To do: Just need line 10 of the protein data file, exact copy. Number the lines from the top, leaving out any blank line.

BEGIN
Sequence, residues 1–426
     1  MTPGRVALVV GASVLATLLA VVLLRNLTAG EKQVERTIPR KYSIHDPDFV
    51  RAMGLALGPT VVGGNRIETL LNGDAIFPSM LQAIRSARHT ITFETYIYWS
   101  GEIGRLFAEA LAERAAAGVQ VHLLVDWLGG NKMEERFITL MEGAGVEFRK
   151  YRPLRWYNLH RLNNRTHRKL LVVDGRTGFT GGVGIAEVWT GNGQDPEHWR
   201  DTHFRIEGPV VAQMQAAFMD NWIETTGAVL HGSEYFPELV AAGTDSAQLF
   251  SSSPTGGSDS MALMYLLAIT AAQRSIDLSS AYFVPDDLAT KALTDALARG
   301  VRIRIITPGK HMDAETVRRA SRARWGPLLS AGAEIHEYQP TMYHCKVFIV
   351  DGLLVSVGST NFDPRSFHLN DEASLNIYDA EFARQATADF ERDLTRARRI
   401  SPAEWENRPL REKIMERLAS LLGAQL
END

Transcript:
   401  SPAEWENRPL REKIMERLAS LLGAQL